The Pilgrim’s Progress for the 21st Century: A Modern Adaptation of the John Bunyan Classic

HOME SCHOOL BOOK REVIEW

Book: The Pilgrim’s Progress for the 21st Century: A Modern Adaptation of the John Bunyan Classic

Author: David Andrew Harakal 

Cover Illustrator: Aasman Iqbal

Publisher:  Ignite Press, 2022

ISBN-13: 979-8986340821 Hardcover

ISBN-10: 8986340821 Hardcover

ISBN-13: 979-8986340807 Paperback

ISBN-10: 8986340807 Paperback

Website(s):  http://www.DHarakalAuthor.org (author), http://www.IgnitePress.us (publisher)

Language level: 2 

(1=nothing objectionable; 2=common euphemisms and/or childish slang terms; 3=some cursing and/or profanity; 4=a lot of cursing and/or profanity; 5=obscenity and/or vulgarity)

Recommended reading level: Ages 13 and up

Rating: ***** 5 stars

(5 stars=EXCELLENT; 4 stars=GOOD; 3 stars=FAIR; 2 stars=POOR; 1 star=VERY POOR; no stars=NOT RECOMMENDED)

Category: Allegory

Reviewed by Wayne S. Walker

Disclosure:  Many publishers, literary agents, and/or authors provide free copies of their books in exchange for an honest review without requiring a positive opinion.  Any books donated to Home School Book Review for review purposes are in turn donated.  No other compensation has been received for the reviews posted on Home School Book Review.

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     Harakal, David Andrew.   The Pilgrim’s Progress for the 21st Century: A Modern Adaptation of the John Bunyan Classic (Published in 2022 by Ignite Press, 5070 N. Sixth St., #189, Fresno, CA  93710).  Christian Pilgrim lives with his wife Christiana, daughter Joyful, and sons Self-Disciplined and Looks-Good, in Pleasantown, but in reading the Bible becomes convinced that the town will be destroyed like Sodom and Gomorrah.  So they head off in their high-end SUV which they call “the Chariot” to find the Celestial City.  They meet an elderly man named Good-Guide who tells them to go to the Narrow Gate.   Along the way they come across several other individuals, some of whom help while many try to hinder them.  They also pick up some friends who follow them.  Christian makes some mistakes at times but is always willing to receive correction.  Will the whole company make it to their goal?  Or will there be those who fall by the wayside?  And is there really a “Celestial City” to begin with?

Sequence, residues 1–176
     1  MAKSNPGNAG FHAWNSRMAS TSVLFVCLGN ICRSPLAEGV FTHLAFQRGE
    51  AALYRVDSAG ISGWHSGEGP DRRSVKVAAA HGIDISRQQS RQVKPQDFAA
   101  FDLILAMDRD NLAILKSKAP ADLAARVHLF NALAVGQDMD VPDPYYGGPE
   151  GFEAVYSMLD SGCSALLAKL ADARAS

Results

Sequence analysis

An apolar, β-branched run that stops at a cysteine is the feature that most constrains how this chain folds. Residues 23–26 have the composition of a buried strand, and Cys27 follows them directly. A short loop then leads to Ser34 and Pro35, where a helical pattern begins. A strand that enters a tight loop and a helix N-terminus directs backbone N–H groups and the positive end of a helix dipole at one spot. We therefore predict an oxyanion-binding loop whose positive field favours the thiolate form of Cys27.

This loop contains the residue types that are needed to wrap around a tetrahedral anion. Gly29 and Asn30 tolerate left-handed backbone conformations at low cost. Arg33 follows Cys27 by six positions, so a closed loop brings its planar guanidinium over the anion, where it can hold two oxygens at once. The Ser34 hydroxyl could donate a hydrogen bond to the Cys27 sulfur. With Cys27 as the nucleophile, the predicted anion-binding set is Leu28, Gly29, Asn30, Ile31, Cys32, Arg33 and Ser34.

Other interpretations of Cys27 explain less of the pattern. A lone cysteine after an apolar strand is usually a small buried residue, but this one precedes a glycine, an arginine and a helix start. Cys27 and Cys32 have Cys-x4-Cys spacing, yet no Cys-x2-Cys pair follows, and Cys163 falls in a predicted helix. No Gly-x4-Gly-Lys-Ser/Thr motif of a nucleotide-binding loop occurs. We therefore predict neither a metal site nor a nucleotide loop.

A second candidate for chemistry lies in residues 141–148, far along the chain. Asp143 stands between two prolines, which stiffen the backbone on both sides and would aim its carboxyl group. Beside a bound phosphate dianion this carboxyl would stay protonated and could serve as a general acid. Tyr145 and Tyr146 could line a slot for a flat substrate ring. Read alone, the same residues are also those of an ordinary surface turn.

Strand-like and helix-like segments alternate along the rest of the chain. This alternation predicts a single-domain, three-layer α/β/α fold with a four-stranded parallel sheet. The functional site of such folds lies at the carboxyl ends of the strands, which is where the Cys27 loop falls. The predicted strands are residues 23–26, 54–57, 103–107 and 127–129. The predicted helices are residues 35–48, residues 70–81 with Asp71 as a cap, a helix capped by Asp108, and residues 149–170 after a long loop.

This book is a modern adaptation of John Bunyan’s The Pilgrim’s Progress.  Christian and the others have to confront the same sins that plagued Bunyan’s characters, but they stay in Bed and Breakfasts and inns, eat in diners and cafes, and deal with expressions of sin that would have been unimaginable in Bunyan’s time.  I especially appreciate the way that author David Harakal portrayed what happened in a place called “Vanity.”  It mirrors perfectly what is going on in our culture today.  A few common euphemisms (e.g., gosh) are found.  There is some sadness, such as where the Pilgrim family return to where they are staying and find a note from Looks-Good saying that he is leaving and not going with them any further.  This is followed by the statement, “They never see him again.”  Some very sincere Bible-believing Christ followers may not agree with some of the Calvinistic implications underlying Bunyan’s story, but this wonderfully-written modern-day version of a classic will resonate with modern readers  as they relate to Christian and his family in their struggle to be the men and women that God intends them to be.

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